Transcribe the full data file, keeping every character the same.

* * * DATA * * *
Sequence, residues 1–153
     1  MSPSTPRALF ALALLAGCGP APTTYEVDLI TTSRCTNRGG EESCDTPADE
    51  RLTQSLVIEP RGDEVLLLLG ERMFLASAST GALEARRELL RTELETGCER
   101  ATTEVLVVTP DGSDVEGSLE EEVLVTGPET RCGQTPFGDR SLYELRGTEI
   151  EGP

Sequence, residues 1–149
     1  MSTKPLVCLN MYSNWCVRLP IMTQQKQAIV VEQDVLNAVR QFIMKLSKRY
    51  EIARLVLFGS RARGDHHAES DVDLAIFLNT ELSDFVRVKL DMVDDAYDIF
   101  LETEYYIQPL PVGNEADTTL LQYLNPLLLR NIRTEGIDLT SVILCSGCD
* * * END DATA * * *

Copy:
Sequence, residues 1–153
     1  MSPSTPRALF ALALLAGCGP APTTYEVDLI TTSRCTNRGG EESCDTPADE
    51  RLTQSLVIEP RGDEVLLLLG ERMFLASAST GALEARRELL RTELETGCER
   101  ATTEVLVVTP DGSDVEGSLE EEVLVTGPET RCGQTPFGDR SLYELRGTEI
   151  EGP

Sequence, residues 1–149
     1  MSTKPLVCLN MYSNWCVRLP IMTQQKQAIV VEQDVLNAVR QFIMKLSKRY
    51  EIARLVLFGS RARGDHHAES DVDLAIFLNT ELSDFVRVKL DMVDDAYDIF
   101  LETEYYIQPL PVGNEADTTL LQYLNPLLLR NIRTEGIDLT SVILCSGCD